"Yes; she's one of the few. In my youth," Miss Jackson rejoined, "it wa_onsidered vulgar to dress in the newest fashions; and Amy Sillerton ha_lways told me that in Boston the rule was to put away one's Paris dresses fo_wo years. Old Mrs. Baxter Pennilow, who did everything handsomely, used t_mport twelve a year, two velvet, two satin, two silk, and the other six o_oplin and the finest cashmere. It was a standing order, and as she was il_or two years before she died they found forty-eight Worth dresses that ha_ever been taken out of tissue paper; and when the girls left off thei_ourning they were able to wear the first lot at the Symphony concerts withou_ooking in advance of the fashion."
"Ah, well, Boston is more conservative than New York; but I always think it'_ safe rule for a lady to lay aside her French dresses for one season," Mrs.
"It was Beaufort who started the new fashion by making his wife clap her ne_lothes on her back as soon as they arrived: I must say at times it takes al_egina's distinction not to look like … like … " Miss Jackson glanced aroun_he table, caught Janey's bulging gaze, and took refuge in an unintelligibl_urmur.
"Like her rivals," said Mr. Sillerton Jackson, with the air of producing a_pigram.
"Oh,—" the ladies murmured; and Mrs. Archer added, partly to distract he_aughter's attention from forbidden topics: "Poor Regina! Her Thanksgivin_asn't been a very cheerful one, I'm afraid. Have you heard the rumours abou_eaufort's speculations, Sillerton?"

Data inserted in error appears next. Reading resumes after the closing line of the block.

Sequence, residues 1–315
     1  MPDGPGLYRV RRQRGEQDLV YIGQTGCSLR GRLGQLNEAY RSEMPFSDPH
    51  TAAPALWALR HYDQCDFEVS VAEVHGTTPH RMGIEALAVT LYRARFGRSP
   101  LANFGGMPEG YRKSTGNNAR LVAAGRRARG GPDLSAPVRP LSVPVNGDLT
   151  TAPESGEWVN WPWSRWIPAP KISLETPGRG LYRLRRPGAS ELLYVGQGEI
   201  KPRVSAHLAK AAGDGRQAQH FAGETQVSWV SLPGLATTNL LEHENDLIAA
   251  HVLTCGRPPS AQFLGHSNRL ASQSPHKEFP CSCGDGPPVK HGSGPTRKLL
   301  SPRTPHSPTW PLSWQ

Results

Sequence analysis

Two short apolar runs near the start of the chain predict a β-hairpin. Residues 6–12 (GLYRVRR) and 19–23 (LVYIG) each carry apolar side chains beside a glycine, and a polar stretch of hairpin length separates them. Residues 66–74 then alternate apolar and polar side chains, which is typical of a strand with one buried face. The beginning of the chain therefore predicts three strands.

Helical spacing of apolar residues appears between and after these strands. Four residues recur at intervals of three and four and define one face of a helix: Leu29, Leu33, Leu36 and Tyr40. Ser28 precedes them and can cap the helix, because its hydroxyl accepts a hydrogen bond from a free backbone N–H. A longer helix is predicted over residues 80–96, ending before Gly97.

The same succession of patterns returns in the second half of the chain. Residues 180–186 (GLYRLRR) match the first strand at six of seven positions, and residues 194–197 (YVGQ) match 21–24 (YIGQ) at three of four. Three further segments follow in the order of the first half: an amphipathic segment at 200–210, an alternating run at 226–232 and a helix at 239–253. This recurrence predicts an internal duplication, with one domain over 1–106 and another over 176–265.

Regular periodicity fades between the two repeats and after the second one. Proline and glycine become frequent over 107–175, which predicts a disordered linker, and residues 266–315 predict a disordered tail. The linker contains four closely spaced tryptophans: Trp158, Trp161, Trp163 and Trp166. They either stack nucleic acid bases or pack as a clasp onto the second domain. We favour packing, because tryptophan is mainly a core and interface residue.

Mr. Jackson nodded carelessly. Every one had heard the rumours in question, and he scorned to confirm a tale that was already common property.
A gloomy silence fell upon the party. No one really liked Beaufort, and it wa_ot wholly unpleasant to think the worst of his private life; but the idea o_is having brought financial dishonour on his wife's family was too shockin_o be enjoyed even by his enemies. Archer's New York tolerated hypocrisy i_rivate relations; but in business matters it exacted a limpid and impeccabl_onesty. It was a long time since any well- known banker had faile_iscreditably; but every one remembered the social extinction visited on th_eads of the firm when the last event of the kind had happened. It would b_he same with the Beauforts, in spite of his power and her popularity; not al_he leagued strength of the Dallas connection would save poor Regina if ther_ere any truth in the reports of her husband's unlawful speculations.
The talk took refuge in less ominous topics; but everything they touched o_eemed to confirm Mrs. Archer's sense of an accelerated trend.
"Of course, Newland, I know you let dear May go to Mrs. Struthers's Sunda_venings—" she began; and May interposed gaily: "Oh, you know, everybody goe_o Mrs. Struthers's now; and she was invited to Granny's last reception."
It was thus, Archer reflected, that New York managed its transitions: conspiring to ignore them till they were well over, and then, in all goo_aith, imagining that they had taken place in a preceding age. There wa_lways a traitor in the citadel; and after he (or generally she) ha_urrendered the keys, what was the use of pretending that it was impregnable?
Once people had tasted of Mrs. Struthers's easy Sunday hospitality they wer_ot likely to sit at home remembering that her champagne was transmuted Shoe- Polish.
"I know, dear, I know," Mrs. Archer sighed. "Such things have to be, _uppose, as long as AMUSEMENT is what people go out for; but I've never quit_orgiven your cousin Madame Olenska for being the first person to countenanc_rs. Struthers."
A sudden blush rose to young Mrs. Archer's face; it surprised her husband a_uch as the other guests about the table. "Oh, ELLEN—" she murmured, much i_he same accusing and yet deprecating tone in which her parents might hav_aid: "Oh, THE BLENKERS—."